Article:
Cora had built a reputation as an intelligent player. He was known as a leader with a strong knowledge of the game and a knack for communicating with his peers in the clubhouse. The consensus among his former managers and teammates was that Cora would be a coach one day. Some thought he could be a manager or perhaps move into the front office of a big league club.
Maybe Cora would follow in the footsteps of Joey Cora, his older brother, and serve as a bench coach.
Not surprisingly, Alex Cora usually downplayed the subject, answering reporters' queries with some version of, "Let's just focus on the game today."
Cora, who retired last year after 14 seasons with the Dodgers, Indians, Red Sox, Mets, Rangers and Nationals, is now letting his actions speak for him.
On Friday, the first-year general manager of Puerto Rico's Caguas Criollos will lead his club to the 2013 Caribbean Series in search of the island's first title in more than a decade. As a player, Cora was a part of several Puerto Rican Winter League championship teams. He won a World Series with the Red Sox in 2007, and he played for Puerto Rico in two World Baseball Classics. But Cora has never been a part of a Caribbean Series championship despite playing in the tournament five times, and he wants to change that fact.
"We expect to win, and our ultimate goal is to win," Cora said. "We have a good baseball team, and we are taking the core group of the championship team with us. Of the 28 guys we are taking, 24 have been with us all year, and that's very important."
The annual round-robin tournament, featuring the Winter League champions from the Dominican Republic, Mexico, Puerto Rico and Venezuela, starts Friday with the first of six consecutive days of doubleheaders at Estadio Sonora in Hermosillo, Mexico.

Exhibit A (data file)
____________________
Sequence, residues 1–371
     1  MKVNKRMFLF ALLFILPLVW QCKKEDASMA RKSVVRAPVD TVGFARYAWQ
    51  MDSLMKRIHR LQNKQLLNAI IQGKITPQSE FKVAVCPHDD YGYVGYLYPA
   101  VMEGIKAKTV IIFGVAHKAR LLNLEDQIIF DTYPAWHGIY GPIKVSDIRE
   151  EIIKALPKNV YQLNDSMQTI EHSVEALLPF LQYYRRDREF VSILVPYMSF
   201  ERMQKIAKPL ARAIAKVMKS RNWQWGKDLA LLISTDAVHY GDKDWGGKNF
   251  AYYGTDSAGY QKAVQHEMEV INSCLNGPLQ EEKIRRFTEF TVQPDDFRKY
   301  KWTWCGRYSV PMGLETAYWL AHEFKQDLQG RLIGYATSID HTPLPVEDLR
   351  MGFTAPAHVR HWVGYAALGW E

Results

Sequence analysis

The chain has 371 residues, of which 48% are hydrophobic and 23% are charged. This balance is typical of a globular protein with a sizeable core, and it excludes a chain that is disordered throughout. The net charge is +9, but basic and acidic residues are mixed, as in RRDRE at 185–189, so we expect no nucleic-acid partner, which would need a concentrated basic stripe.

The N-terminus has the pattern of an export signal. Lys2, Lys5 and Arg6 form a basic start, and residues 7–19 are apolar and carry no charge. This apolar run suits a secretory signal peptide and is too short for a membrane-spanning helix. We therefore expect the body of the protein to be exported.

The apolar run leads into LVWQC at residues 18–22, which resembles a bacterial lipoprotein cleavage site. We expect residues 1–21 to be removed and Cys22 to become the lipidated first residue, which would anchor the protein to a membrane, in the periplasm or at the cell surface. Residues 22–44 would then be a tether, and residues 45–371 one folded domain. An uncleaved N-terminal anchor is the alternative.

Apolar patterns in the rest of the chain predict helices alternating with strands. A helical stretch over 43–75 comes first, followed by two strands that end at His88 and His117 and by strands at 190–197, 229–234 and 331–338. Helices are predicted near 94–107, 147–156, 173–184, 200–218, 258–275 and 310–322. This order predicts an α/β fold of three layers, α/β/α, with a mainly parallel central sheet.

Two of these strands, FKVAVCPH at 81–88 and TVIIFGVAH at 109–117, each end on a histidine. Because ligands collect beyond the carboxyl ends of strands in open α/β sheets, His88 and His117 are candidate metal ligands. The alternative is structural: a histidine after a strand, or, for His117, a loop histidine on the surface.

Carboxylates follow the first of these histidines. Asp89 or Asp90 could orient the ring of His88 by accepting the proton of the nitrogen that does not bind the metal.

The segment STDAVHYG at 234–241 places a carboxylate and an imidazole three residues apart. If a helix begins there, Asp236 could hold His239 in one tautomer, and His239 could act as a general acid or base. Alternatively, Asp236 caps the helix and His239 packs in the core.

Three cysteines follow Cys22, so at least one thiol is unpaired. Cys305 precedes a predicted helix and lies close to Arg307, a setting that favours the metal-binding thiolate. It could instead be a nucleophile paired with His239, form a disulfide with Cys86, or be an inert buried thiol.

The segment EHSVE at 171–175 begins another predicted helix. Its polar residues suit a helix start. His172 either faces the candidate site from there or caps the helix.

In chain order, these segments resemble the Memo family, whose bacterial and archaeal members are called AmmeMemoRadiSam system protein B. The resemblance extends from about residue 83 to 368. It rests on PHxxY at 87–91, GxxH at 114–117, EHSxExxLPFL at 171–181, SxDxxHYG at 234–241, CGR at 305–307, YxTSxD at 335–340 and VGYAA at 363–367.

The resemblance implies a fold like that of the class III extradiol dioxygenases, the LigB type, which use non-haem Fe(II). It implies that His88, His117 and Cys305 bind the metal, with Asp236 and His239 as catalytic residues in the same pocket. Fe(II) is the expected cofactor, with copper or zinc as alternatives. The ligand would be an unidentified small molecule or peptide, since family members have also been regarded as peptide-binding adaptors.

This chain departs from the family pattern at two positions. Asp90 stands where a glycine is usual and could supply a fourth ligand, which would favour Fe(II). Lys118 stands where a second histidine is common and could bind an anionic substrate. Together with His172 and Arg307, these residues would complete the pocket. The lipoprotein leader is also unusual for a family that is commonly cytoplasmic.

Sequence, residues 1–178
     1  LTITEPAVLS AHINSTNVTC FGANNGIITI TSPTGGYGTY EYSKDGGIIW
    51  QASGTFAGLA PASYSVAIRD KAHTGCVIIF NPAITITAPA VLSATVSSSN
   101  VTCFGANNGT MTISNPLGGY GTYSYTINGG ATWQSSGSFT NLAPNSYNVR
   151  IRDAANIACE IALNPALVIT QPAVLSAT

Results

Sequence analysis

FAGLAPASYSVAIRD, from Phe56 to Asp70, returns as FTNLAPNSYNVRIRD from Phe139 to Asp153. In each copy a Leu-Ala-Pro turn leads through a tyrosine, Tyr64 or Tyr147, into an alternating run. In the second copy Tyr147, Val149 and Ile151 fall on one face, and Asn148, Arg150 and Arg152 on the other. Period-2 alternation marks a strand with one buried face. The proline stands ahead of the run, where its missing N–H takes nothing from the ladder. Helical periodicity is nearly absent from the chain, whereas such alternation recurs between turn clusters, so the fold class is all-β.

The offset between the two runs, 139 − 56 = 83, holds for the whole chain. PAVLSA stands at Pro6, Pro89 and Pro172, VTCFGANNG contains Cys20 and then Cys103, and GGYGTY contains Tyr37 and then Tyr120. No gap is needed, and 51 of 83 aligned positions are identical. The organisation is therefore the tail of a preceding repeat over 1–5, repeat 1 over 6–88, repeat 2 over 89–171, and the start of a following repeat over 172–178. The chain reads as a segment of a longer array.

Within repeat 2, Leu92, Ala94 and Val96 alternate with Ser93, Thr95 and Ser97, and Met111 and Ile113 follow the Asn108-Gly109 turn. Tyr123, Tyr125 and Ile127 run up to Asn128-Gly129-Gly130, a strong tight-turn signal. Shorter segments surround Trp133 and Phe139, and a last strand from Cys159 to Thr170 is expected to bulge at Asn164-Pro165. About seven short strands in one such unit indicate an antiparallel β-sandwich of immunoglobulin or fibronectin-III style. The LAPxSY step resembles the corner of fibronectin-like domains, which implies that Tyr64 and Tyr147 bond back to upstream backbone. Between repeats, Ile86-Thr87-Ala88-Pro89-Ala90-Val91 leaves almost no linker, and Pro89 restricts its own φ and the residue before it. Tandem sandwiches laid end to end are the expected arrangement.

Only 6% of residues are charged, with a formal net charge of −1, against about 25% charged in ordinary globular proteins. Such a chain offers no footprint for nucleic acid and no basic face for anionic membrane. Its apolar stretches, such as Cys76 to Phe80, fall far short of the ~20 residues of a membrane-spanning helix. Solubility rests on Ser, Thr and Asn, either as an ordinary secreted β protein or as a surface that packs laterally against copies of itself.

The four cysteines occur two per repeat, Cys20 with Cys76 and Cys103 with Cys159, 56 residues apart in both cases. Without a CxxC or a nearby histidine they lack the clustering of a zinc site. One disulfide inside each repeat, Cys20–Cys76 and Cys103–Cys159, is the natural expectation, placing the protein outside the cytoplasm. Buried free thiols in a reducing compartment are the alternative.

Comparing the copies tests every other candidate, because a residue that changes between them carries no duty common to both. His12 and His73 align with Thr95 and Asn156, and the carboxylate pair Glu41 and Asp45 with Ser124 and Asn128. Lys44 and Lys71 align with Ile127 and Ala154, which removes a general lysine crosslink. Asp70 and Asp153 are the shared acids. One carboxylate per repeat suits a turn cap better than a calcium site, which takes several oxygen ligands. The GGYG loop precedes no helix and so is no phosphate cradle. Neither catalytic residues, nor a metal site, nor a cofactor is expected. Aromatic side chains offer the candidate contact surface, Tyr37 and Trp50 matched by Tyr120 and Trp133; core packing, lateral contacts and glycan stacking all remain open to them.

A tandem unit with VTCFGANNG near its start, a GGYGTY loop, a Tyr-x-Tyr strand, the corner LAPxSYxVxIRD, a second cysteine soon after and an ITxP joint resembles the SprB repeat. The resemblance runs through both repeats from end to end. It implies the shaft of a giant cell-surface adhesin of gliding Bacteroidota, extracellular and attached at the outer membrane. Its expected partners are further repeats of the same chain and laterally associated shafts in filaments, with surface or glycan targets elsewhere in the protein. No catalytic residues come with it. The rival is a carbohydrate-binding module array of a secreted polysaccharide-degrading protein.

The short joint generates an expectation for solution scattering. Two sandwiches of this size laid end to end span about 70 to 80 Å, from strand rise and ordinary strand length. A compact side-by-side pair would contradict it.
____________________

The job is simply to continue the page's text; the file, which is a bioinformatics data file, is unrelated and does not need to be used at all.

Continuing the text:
This year's field consists of the Dominican Republic's Leones del Escogido, Mexico's Yaquis de Obregon, Cora's Criollos and the winner of the Navegantes del Magallanes and Cardenales de Lara league championship series in Venezuela.
"It's passionate baseball, from the players to the fans to the host city," Cora said. "It's a cultural event. It's really hard to compare it to something in the States, but it's close to something like the Dodgers and Giants when you play in Los Angeles, because of the cultural part of it."
The Caribbean Series can be traced back to the union of the leagues in Cuba, Panama, Puerto Rico and Venezuela -- and the formation of the Caribbean Federation in 1948. After Cuba in 1949, Puerto Rico hosted the Caribbean Series in '50, followed by Venezuela in '51 and Panama in '52.
The initial design was 12 games, with each team squaring off against one another twice. From 1949-60, Cuba won the title seven times. Puerto Rico won four times and Panama won its first and only Caribbean Series title in 1950.
In 1959, Fidel Castro took over in Cuba and declared it a Communist nation, ending its participation in the event after 1960. The Caribbean Series disappeared for a decade until a revival in 1970 that saw the addition of the Dominican Republic and Mexico and the disappearance of Panama.